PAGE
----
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MicroRNA-34a activation in tuberous sclerosis complex during early brain development may lead to impaired corticogenesis
Journal Contribution - Journal Article
AIMS: Tuberous sclerosis complex (TSC) is a genetic disorder associated with dysregulation of the mechanistic target of rapamycin complex 1 (mTORC1) signalling pathway. Neurodevelopmental disorders, frequently present in TSC, are linked to cortical tubers in the brain. We previously reported microRNA-34a (miR-34a) among the most upregulated miRs in tubers. Here, we characterised miR-34a expression in tubers with the focus on the early brain development and assessed the regulation of mTORC1 pathway and corticogenesis by miR-34a. METHODS: We analysed the expression of miR-34a in resected cortical tubers (n = 37) compared with autopsy-derived control tissue (n = 27). The effect of miR-34a overexpression on corticogenesis was assessed in mice at E18. The regulation of the mTORC1 pathway and the expression of the bioinformatically predicted target genes were assessed in primary astrocyte cultures from three patients with TSC and in SH-SY5Y cells following miR-34a transfection. RESULTS: The peak of miR-34a overexpression in tubers was observed during infancy, concomitant with the presence of pathological markers, particularly in giant cells and dysmorphic neurons. miR-34a was also strongly expressed in foetal TSC cortex. Overexpression of miR-34a in mouse embryos decreased the percentage of cells migrated to the cortical plate. The transfection of miR-34a mimic in TSC astrocytes negatively regulated mTORC1 and decreased the expression of the target genes RAS related (RRAS) and NOTCH1. CONCLUSIONS: MicroRNA-34a is most highly overexpressed in tubers during foetal and early postnatal brain development. miR-34a can negatively regulate mTORC1; however, it may also contribute to abnormal corticogenesis in TSC.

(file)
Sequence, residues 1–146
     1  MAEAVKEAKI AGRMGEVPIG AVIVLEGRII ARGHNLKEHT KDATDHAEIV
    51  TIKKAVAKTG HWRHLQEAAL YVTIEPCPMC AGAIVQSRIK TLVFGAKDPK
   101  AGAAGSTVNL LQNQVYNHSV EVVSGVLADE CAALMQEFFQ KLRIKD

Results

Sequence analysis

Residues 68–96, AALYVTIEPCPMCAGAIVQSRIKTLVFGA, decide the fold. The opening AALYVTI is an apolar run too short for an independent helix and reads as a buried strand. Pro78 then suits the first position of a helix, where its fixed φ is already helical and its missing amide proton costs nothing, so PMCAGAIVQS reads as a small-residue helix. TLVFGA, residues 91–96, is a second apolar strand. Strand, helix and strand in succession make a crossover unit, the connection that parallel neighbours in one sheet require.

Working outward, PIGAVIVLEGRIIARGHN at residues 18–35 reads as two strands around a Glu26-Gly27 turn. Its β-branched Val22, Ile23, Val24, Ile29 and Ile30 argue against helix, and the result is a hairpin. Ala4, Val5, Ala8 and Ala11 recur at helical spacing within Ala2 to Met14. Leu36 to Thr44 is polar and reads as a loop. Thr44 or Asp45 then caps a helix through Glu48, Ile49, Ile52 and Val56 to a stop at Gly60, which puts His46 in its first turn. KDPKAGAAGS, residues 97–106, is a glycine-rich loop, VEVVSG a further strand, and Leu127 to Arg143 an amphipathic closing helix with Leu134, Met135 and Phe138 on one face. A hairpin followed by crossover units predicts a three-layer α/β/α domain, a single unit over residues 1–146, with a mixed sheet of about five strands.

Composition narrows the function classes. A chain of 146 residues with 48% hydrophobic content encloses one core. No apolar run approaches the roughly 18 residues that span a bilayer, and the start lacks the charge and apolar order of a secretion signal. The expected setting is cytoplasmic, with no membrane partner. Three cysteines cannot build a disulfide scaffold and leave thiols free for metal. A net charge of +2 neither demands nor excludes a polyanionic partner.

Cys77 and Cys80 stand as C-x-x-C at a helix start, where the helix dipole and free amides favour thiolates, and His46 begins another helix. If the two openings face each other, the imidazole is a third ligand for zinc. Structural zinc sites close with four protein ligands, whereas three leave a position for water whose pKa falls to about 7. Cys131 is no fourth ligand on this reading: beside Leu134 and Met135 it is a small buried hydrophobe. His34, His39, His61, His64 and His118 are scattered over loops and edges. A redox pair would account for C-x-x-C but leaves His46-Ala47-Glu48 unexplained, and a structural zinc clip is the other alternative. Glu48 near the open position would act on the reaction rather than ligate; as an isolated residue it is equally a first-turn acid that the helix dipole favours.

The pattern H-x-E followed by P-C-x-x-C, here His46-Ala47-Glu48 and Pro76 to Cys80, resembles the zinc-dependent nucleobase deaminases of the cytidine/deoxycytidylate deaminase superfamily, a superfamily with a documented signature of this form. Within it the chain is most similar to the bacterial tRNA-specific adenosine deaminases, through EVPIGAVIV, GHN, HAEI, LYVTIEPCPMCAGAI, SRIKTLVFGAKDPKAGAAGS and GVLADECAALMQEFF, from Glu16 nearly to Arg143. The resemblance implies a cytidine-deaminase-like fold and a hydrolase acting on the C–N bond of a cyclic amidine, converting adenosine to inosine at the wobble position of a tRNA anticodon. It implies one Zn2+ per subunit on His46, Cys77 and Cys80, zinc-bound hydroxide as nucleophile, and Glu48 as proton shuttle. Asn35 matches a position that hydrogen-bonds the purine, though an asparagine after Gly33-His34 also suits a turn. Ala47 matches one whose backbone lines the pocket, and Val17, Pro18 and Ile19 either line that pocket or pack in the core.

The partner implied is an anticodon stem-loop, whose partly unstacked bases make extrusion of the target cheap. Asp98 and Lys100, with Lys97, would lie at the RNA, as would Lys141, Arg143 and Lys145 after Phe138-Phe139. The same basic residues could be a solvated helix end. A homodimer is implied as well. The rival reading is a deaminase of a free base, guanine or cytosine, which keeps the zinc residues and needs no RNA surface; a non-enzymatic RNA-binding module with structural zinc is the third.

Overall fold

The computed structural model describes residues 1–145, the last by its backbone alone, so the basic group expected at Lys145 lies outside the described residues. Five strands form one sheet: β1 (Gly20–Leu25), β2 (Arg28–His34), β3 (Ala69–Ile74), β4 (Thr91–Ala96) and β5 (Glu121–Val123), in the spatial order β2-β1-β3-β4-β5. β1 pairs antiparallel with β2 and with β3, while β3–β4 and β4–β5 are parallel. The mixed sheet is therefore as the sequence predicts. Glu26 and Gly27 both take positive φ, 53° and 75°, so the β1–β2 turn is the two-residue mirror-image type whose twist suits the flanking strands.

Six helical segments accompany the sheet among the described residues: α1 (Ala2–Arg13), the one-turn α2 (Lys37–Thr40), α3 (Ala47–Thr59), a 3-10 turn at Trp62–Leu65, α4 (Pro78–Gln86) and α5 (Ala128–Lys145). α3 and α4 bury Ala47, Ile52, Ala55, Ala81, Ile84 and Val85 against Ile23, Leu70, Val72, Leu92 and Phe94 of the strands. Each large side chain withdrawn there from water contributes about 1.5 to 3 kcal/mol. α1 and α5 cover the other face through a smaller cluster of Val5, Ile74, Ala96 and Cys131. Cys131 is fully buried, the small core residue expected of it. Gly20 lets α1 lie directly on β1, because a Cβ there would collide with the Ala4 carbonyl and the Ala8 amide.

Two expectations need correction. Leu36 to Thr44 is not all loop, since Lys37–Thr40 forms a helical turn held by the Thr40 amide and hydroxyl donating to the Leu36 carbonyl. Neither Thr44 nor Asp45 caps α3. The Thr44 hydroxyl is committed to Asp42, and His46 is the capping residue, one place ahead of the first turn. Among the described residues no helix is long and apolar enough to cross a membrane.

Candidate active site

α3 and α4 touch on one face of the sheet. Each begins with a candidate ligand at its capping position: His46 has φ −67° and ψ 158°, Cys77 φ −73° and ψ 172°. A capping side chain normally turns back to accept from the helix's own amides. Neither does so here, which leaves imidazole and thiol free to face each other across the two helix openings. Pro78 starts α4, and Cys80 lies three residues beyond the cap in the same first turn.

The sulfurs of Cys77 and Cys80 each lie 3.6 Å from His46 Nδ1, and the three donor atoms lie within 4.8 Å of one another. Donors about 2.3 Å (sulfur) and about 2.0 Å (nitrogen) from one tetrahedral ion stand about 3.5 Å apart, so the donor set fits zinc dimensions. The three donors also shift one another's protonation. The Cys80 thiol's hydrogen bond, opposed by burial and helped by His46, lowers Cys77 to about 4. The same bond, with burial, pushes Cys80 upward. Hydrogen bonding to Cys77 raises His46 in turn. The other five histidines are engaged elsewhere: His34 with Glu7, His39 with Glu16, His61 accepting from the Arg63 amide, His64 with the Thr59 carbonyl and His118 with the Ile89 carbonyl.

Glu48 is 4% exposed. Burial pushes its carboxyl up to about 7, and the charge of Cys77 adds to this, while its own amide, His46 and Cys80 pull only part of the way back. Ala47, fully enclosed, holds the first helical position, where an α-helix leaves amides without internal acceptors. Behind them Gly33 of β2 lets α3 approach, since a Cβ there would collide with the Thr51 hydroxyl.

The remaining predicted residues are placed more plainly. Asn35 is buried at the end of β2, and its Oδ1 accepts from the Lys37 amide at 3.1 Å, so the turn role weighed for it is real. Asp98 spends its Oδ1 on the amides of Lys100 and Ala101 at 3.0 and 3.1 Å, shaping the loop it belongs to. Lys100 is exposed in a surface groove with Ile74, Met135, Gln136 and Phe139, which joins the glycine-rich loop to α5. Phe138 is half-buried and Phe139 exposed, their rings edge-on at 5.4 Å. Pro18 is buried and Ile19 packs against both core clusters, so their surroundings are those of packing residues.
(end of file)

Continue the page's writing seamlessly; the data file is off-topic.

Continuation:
Journal: Neuropathology and Applied Neurobiology
Pages: 796 - 811
Number of pages: 16
Keywords:Psychiatry & neurology, Neurosciences & psychopharmacology, Anatomy & pathology